The advantage of the productivity model is that it provides a predetermined reimbursement amount per patient or for the work performed (WRVU), which should be blended or blind to the institution’s payer mix, and it rewards the physician for the number of patients seen and the complexity of each visit. Nonetheless, much like the income guarantee, thorough business planning is required to ensure that you will be able to generate your desired income while maintaining your quality of life.
Conclusion: Why Does This Matter?
Understanding the various compensation methodologies and how they impact income is critical for every physician. Individual physicians’ clinical choices, as well as the impetus to increase or decrease services to patients, are affected by specific financial incentives and the different ways in which physicians are compensated (Reschovsky, Hadley, & Landon, 2006). Ultimately, your contentment with and knowledge of how you’re getting paid for the services you render play a significant role in the quality of the patient experience and the quantity of services you’re able to provide. Lastly, remember: health care is a service industry, and in order to have a sustainable practice, you will need patient volume. This may seem obvious; however, as a fundamental component of your due diligence, you must ensure that there is a market demand for your services. The volume projections should influence your employment model and may be the determining factor in whether you’re able to put down professional roots or leave to seek higher compensation.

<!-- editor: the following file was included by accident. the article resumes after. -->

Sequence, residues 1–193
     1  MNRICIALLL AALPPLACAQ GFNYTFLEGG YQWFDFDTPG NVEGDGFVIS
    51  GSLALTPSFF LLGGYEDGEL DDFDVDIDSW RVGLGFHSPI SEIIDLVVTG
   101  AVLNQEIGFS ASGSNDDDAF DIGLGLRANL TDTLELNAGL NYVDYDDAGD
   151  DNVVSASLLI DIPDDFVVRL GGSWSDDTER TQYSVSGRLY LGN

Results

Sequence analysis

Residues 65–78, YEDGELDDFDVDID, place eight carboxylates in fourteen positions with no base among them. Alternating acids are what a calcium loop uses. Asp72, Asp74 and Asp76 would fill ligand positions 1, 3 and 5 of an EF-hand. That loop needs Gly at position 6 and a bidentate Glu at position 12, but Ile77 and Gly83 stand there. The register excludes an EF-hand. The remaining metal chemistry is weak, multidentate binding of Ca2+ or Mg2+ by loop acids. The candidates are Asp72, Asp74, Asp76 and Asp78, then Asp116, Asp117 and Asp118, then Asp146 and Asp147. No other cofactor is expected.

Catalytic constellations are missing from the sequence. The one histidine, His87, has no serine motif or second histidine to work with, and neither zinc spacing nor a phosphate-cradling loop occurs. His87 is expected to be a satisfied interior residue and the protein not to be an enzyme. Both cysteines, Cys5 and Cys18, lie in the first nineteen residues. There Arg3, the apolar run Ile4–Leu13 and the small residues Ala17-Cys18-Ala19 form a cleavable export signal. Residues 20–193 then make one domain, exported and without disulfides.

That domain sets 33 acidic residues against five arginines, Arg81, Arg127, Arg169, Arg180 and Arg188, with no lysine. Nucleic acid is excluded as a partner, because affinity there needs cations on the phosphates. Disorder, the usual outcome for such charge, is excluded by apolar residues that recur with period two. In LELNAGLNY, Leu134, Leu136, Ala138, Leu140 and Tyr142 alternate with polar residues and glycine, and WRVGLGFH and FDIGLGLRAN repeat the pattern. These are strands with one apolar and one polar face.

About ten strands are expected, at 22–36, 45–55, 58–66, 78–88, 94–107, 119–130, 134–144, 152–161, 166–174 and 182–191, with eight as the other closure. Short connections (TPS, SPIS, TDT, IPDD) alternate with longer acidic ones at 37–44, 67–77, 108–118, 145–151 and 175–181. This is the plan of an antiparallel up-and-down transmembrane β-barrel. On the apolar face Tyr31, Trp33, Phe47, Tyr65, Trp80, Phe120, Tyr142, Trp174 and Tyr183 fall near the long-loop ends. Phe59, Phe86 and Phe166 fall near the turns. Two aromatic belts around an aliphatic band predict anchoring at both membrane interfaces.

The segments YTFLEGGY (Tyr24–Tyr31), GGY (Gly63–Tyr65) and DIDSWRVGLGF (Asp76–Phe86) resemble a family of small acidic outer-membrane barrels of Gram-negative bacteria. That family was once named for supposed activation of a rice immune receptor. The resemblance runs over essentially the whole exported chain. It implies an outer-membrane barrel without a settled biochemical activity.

Cejka Search. (2009). Retrieved from www.cejkasearch.com/Physician-Retention-Survey/2006RetentionSurvey/default.htm
Reschovsky, J., Hadley, J., & Landon, B. (2006). “Effects of Compesnation Methods and Physician Group Structure on Physicians’ Perceived Incentives to Alter Services to Patients.” Health Services Research, pg 1200-1220 (41:4).